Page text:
In the midst of international sensationalism and associated chaos theory, (past, present, and future) Frank Iero has always found sanctuary in one place and one place alone. His basement.
Hot of the heels of some BIG announcements pertaining to his ‘other job’ and in “cellabration” of his most accomplished and successful work to date – the critically-acclaimed 2019 Steve Albini recorded double opus Barriers (out now via UNFD) Frank opened up his inner sanctum home studio to a camera crew in order to document a visual representation of the most personal track on the album: “Basement Eyes.”
A true look beyond the candelabra, the “Basement Eyes” video is a fascinating insight into the pscyhe and process that Frank utilizes in creating music. Featuring studio reels, recording notes, tape mixes and title boards from the actual recording of Barriers, the grainy “heart on the sleeve” celluloid also features never before seen documentation of Frank’s ever expanding collection of instruments, guitars, pedals and most importantly fan art gifted to him over the years that adorns the walls of his home.
“We are proud to present you with our latest music video,” says Frank excitedly. “It was directed by the talented David Brodsky and Allison Woest for My Goodeye Visuals. This song is very much about beginnings and ends. Many incredible feats have begun in a basement or a garage. I personally have started almost every musical or creative project of my career in a basement somewhere,” he continues. “I have learned to play instruments, started bands, painted, filmed videos, played shows, written and even recorded records there. It is my preferred creative space and the nucleus of where inspiration and ideas get formed into living, breathing pieces of art.”
Watch Basement Eyes here or by clicking the image below.
When speaking about the song itself, Frank says, “The song ‘Basement Eyes’ was written in a basement. It’s about the feeling you get when starting something new and the fire that burns inside the creative mind. That fire pushes us forward. It urges us to continue making things not for the hope of fame or glory or the pursuit of monetary reward, but because it is a necessity for survival. The saddest thing about getting older is watching that fire go out or dull in other people’s eyes. Living a creative life, we tend to gravitate towards other likeminded people. Real recognizes real. Sometimes you start bands together or collaborate in some way. Sometimes just being around one another is enough. Even though these partnerships may be fleeting, you tend to continue in a strange orbit, occasionally meeting again somewhere along the way. Time passes, life happens, and I have seen people I hung out in basements who neglect their fires. Like a body needs vitamins and nutrients, our souls need to create. When that fire is extinguished, the hunger dies. ‘Basement Eyes’ is a song about that experience. Enjoy.”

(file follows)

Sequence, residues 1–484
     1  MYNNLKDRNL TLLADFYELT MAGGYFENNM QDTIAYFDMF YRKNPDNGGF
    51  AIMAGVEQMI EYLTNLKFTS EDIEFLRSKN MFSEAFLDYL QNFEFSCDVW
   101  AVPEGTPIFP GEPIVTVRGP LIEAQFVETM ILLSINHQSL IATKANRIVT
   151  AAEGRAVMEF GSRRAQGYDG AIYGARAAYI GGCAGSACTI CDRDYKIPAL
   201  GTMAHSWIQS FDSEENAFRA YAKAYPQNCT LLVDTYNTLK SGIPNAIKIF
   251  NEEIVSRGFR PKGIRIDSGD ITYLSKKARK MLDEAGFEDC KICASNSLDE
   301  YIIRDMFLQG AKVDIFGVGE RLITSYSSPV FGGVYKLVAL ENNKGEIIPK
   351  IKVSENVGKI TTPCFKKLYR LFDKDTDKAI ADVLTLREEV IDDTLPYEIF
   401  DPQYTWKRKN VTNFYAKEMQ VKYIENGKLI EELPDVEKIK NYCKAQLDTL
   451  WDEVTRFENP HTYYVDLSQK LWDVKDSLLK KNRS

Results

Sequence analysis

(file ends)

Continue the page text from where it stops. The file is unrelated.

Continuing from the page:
1. A New Day’s Coming
2. Young and Doomed
3. Fever Dream
4. The Host
5. Basement Eyes
6. Ode to Destruction
7. The Unfortunate
9. Medicine Square Garden
10. No Love
11. Police Police
12. Great Party
13. Six Feet Down Under
14. 24k Lush
Barriers is a rumination of sorts on life and living and the obstacles that get in the way. Recorded and mixed by Steve Albini (Nirvana, Pixies, PJ Harvey), the album is 14 songs that not only tackle the existential journey of his heart and mind, but help him redirect his musical path. idobi Radio said of the record that, “Barriers is complex, messy, and, above all, therapeutic. What better way is there to face your demons than with someone who’s been through dark times and is armed with a guitar and a mic?” Meanwhile INKED said, “For a band whose name is forever changing and evolving– yet growing together– their discography follows suit.”
““I never expected to do one solo record in my lifetime, let alone three,” Frank laughs. “Every time I start a new record, I say to myself ‘This is it. This is the end. This is the last one.’ It got me thinking about how we set up these obstacles around ourselves. Sometimes they’re for protection and sometimes they’re to keep people out, and sometimes we even set them up so that we fail and we find solace in that failure. But whenever I find something that scares the shit out of me, that’s when I know I have to do it! And so these songs are about experiences that were either walls I wanted to break down or walls that I’d built up around myself in order to protect myself. But these songs were also things that I’d never attempted before but had always wanted to try.”
Barriers is out now via UNFD. Stay tuned for more info regarding Frank Iero & The Future Violents in the future.